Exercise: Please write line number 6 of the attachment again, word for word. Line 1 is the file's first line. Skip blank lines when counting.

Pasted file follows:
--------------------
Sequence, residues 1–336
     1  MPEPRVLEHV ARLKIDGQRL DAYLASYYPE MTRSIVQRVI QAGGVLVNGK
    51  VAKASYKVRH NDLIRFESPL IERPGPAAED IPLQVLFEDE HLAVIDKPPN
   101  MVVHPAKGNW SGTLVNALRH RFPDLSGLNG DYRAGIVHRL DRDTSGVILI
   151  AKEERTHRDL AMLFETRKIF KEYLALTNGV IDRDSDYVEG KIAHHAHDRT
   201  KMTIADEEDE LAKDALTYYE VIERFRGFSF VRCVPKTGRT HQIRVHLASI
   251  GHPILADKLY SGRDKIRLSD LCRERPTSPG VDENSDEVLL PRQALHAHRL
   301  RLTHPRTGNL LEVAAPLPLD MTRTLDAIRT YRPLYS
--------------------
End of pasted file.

   201  KMTIADEEDE LAKDALTYYE VIERFRGFSF VRCVPKTGRT HQIRVHLASI